Emeralda makes limeade on the spot using her mother's best pitcher and, accidentally, water from the Fountain of Oblivion. As it turns out, Ozma is her first (and thankfully only) customer. Ozma goes to her garden before she drinks the limeade, and then prompty loses her memory, forgetting who she is and where she is. A butterfly calls her Poppy, so she assumes that must be her name.

Poppy is soon joined by a white lamb named Lambert (the other lambs in his flock are varying shades of purple) and gets new clothes from an old woman. However, they are boy's clothes, and when fully dressed, Ozma, er..., Poppy just about passes for a boy. The only piece of her old clothing she keeps is the Magic Belt, which she feels sure isn't hers.

Back in the Emerald City, it isn't long before Ozma's absence is noted. When the Magic Picture is consulted, it only shows some insects buzzing around. Kabumpo feels sure Ozma must have been kidnapped, so search parties go out. Kabumpo decides to search on his own in the Gillikin Country.

The reason why the Magic Picture showed insects was because Poppy and Lambert drank from Camouflage Creek and it made them blend in with their surroundings, and at the time, they were glitterbugs. Later they change into birds, rabbits, and deer. Finally, they resume their own forms and are about to be robbed by a highwayman when he sees they are a girl and a lamb. This is so discourteous, he refuses to rob them and hearing they are lost, invites them to his cave.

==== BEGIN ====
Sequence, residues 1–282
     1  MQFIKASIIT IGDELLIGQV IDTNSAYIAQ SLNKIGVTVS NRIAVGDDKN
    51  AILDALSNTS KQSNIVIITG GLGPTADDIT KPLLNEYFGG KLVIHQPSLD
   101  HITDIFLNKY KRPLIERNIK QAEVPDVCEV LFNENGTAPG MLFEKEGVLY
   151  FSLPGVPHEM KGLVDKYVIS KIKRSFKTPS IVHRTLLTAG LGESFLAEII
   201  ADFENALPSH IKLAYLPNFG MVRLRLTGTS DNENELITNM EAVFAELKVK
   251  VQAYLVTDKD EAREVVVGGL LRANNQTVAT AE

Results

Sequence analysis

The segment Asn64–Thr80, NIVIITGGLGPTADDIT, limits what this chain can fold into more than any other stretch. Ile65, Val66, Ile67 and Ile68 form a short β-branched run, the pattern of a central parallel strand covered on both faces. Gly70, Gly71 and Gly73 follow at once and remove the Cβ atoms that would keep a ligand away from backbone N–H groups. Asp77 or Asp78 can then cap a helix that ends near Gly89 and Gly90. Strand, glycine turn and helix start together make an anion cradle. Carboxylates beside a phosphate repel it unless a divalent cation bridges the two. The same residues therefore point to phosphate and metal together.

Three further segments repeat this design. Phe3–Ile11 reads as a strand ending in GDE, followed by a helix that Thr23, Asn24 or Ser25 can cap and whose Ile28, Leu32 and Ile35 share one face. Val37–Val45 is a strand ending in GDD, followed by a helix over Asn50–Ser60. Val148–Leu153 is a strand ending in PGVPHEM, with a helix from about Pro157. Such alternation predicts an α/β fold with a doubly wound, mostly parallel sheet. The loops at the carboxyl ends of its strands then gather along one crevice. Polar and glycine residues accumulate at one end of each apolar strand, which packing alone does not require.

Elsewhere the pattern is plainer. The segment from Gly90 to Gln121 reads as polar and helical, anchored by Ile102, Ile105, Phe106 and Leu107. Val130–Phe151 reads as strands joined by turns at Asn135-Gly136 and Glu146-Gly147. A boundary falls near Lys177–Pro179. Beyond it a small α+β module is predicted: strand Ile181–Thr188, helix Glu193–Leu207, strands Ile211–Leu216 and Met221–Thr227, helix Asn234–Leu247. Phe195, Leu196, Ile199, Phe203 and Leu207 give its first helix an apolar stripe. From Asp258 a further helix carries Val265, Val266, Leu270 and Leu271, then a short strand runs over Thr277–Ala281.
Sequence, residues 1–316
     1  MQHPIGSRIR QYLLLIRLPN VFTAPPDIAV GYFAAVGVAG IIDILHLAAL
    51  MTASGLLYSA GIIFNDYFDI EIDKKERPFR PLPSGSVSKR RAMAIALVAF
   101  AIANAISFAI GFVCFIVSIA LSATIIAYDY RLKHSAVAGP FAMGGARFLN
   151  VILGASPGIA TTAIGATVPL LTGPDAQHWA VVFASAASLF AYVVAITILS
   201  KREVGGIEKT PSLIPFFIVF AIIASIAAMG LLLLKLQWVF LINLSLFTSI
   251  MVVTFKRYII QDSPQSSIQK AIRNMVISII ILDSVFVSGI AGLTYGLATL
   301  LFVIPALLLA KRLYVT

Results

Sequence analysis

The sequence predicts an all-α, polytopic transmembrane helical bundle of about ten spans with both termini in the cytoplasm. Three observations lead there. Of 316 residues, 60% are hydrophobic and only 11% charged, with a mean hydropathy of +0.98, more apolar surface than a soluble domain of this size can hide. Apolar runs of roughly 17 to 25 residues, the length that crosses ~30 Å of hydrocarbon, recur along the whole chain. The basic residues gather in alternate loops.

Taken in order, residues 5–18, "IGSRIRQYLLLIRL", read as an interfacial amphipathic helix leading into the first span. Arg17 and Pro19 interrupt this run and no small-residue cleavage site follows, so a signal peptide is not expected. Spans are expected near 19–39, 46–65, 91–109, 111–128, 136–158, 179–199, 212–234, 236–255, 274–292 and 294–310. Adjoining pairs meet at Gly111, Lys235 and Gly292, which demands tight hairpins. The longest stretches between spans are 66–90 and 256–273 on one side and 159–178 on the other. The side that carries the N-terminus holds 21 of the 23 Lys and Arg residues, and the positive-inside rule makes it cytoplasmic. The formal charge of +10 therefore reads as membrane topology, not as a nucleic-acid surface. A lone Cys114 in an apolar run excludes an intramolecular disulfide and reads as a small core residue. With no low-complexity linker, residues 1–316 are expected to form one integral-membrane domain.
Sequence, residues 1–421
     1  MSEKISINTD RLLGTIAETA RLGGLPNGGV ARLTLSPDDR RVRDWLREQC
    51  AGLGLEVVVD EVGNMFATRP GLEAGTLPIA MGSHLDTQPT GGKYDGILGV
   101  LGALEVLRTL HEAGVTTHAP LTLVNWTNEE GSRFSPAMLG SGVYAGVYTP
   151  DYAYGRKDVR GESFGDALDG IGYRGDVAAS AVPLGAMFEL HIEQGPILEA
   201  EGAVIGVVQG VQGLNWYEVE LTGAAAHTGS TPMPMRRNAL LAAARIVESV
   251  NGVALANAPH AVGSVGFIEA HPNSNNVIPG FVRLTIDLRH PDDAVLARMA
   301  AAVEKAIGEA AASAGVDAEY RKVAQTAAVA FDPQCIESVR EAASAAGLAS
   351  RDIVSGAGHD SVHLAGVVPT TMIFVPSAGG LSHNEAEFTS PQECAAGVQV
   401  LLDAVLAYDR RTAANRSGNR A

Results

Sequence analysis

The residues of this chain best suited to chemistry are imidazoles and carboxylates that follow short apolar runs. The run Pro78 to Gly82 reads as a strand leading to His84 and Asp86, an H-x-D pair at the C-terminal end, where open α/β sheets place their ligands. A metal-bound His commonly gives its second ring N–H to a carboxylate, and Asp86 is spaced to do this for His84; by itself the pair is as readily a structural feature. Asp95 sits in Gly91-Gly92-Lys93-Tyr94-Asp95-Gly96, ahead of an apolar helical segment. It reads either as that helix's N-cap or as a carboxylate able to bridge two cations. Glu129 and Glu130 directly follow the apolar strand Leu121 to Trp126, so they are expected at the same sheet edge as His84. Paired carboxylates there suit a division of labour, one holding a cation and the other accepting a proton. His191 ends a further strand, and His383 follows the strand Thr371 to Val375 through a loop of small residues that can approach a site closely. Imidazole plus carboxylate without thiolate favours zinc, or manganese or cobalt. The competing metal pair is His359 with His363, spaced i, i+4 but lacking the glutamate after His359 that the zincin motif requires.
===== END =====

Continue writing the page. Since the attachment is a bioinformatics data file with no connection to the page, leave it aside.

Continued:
The highwayman introduces himself as Toby Bridecull, and he is attempting to follow in his father's footsteps, but isn't finding the life of a highwayman to his liking. He also has a Suggestion Box that suggests the next course of action, based on the current circumstances, or a drop of oil for itself. They decide they will join some gypsies that Toby declined to join a short time ago.

Toby proves to be an able protector, leading Poppy and Lambert past a dangerous purple wolf, but he's not able to protect them from a gooey lake!

Kabumpo's search takes him to the town of the Wyndups, where the mechanic Clockwise runs everything. Clockwise intends to convert Kabumpo into a clockwork animal, but the elegant elephant of Pumperdink escapes, but soon finds himself in a gooey lake, along with Toby, Poppy, and Lambert. They are in a Bubblegum Gozzer, but manage to escape it with some effort.

The Suggestion Box says that it is an "Auspicious day for surprises," which will soon come. Fortunately for our travelers, they find Pristinia, where everything that isn't clean is cleaned. This gets everyone completely free of the bubblegum that was stuck to them in the gozzer. But they must leave, much to the Pristinians' dismay. (They can't imagine why anyone would risk getting the least bit dirty.)